The International Day of Innocent Children Victims of Aggression first came about in August 19, 1982, and now, 33 years later, every June 4, the world is still acknowledging the innocent children who have suffered through physical, mental and emotional abuse. The internationally recognized day was created to affirm the UN's commitment to protecting the rights of children around the world.
Ultimately, the day aims to celebrate the individuals and organizations that make an effort to defend and preserve the rights of children around the world. Organizations and foundations such as the Malala Fund and the Global Movement for Children have spoken up to take a stand for innocent children. The 'Say YES for Children' campaign, which launched in 2001, asked millions of people through the world to pledge their support for the Rallying Call for the Global Movement for Children.
The campaign specifically focused on 10 main principles that aimed at protecting and preserving the lives of children, including education, fighting HIV/aids, and fighting poverty. 'Say Yes for Children' sparked international debate on child rights both nationally and globally, initiating important conversations about children's rights. See the slideshow below for photos of children who have been victims of war and conflict:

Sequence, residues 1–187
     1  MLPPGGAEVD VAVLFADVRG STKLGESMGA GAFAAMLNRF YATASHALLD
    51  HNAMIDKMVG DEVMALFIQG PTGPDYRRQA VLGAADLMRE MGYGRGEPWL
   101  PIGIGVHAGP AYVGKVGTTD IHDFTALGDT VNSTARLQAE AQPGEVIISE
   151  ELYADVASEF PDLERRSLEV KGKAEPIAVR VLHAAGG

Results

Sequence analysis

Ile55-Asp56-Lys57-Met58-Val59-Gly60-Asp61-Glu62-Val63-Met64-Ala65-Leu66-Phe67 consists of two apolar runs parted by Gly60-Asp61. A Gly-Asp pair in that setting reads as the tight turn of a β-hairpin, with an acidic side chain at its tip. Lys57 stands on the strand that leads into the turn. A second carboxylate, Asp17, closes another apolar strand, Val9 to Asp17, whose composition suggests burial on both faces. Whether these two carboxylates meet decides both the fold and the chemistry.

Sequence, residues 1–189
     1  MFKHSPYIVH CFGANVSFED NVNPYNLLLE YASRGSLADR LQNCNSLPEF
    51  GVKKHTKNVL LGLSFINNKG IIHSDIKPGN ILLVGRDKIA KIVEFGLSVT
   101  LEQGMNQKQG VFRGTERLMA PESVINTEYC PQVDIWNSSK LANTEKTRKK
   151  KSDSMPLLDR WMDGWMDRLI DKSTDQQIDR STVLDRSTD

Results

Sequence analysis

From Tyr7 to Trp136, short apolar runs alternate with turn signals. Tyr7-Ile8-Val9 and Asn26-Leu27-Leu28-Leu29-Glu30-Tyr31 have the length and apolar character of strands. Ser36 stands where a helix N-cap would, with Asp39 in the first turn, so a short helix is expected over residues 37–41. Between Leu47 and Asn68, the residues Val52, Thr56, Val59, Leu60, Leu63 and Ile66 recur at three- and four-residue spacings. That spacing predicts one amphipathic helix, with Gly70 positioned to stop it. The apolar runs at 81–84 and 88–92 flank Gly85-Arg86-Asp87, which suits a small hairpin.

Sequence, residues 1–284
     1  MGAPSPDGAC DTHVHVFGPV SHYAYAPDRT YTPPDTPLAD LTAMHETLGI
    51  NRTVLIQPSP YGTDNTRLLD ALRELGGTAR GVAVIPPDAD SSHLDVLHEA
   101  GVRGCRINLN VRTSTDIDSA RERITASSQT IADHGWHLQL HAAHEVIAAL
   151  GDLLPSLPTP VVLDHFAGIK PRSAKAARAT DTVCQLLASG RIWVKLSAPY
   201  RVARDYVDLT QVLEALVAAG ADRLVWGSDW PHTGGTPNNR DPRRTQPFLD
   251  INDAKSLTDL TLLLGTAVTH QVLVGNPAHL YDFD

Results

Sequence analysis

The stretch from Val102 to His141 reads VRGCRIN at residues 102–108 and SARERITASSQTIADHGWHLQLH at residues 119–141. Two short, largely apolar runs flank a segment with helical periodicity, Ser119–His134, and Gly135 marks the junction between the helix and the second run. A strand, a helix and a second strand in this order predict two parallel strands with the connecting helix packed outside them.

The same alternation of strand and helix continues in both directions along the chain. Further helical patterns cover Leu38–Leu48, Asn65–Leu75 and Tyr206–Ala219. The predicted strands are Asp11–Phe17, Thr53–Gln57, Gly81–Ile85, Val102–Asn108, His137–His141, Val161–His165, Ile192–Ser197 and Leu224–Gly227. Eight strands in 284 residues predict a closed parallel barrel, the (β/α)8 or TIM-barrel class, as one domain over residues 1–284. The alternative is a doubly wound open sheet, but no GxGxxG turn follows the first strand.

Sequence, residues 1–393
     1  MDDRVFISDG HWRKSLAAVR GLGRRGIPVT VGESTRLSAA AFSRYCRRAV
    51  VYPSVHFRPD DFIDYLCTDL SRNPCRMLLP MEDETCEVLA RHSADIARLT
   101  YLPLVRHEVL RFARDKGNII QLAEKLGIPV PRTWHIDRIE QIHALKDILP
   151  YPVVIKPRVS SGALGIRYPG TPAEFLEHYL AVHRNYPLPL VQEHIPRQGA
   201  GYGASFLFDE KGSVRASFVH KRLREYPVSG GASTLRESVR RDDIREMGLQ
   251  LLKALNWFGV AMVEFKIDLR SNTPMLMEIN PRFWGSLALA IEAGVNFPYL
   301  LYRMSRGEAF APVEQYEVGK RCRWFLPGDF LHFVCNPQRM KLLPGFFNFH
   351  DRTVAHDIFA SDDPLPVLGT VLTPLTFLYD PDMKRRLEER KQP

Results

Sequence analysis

International Day of Innocent Children Victims of Aggression
UN takes day to globally recognize children victims
Bosnian Muslim Samir Ruznic, 11 year-old, recovers from a land mine blast while resting in a Bihac Hospital on Sunday, August 13, 1995. Ruznic, who was injured last April, is one of many children missing limbs in Bihac, which was under Serb seige for more than three years until the recent Croatian army offensive which opened up the Muslim enclave. (AP Photo/John Moore)
** EDS NOTE GRAPHIC CONTENT ** Bodies lie on the floor in a home where gunmen killed an elderly woman and two of her grandchildren in the Pacific resort city of Acapulco, Mexico, Tuesday March 15, 2011. A convoy of gunmen chased a man into the home and sprayed the residence with bullets killing the 60-year-old woman, along with two boys, ages 2 and 6, police said in a statement. Children, from toddlers to the early teens, are increasingly falling victim to the brutal violence of a drug war that has cost over 34,000 lives in the last four years. (AP Photo/Bernandino Hernandez)
Police officers arrest Bhopal gas tragedy survivors after over 20 of them chained themselves to the outer wall of Indian Prime Minister Manmohan Singh's residence to protest against the government apathy to take action against Union Carbide and Dow Chemicals as well as proper rehabilitation of affected people, in New Delhi, India, Wednesday, May 21, 2008. The catastrophic 1984 gas leak from the Bhopal pesticide plant in central India killed at least 10,000 people and affected about 550,000 others. The survivors charged the Prime Minister for being personally insensitive to the plight of the victims and their children. (AP Photo/Saurabh Das)